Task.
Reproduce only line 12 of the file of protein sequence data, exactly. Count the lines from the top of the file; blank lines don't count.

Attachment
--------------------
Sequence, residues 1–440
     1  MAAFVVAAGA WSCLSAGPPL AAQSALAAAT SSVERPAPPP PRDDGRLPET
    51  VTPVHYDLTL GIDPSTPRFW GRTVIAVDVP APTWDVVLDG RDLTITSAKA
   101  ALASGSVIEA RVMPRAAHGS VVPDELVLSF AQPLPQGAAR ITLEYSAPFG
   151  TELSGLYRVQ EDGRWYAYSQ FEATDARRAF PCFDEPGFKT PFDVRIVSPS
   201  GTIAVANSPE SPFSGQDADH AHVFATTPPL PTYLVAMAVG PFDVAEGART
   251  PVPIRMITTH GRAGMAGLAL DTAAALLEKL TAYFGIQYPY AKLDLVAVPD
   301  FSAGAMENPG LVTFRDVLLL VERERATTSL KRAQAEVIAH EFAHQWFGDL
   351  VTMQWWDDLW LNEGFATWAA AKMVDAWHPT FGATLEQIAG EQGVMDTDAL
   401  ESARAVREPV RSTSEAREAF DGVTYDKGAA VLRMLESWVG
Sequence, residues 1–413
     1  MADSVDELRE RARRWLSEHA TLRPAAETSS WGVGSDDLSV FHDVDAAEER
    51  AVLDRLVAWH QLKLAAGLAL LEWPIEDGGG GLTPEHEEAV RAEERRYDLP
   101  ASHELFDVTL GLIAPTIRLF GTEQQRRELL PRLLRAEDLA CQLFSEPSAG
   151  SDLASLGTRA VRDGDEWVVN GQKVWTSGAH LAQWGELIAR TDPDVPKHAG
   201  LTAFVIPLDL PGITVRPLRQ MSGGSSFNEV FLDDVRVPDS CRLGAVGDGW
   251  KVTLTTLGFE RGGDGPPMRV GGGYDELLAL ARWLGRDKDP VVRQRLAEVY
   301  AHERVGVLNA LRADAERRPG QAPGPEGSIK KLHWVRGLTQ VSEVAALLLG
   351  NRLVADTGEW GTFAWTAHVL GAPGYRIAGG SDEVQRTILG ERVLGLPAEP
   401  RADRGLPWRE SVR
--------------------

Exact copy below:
     1  MADSVDELRE RARRWLSEHA TLRPAAETSS WGVGSDDLSV FHDVDAAEER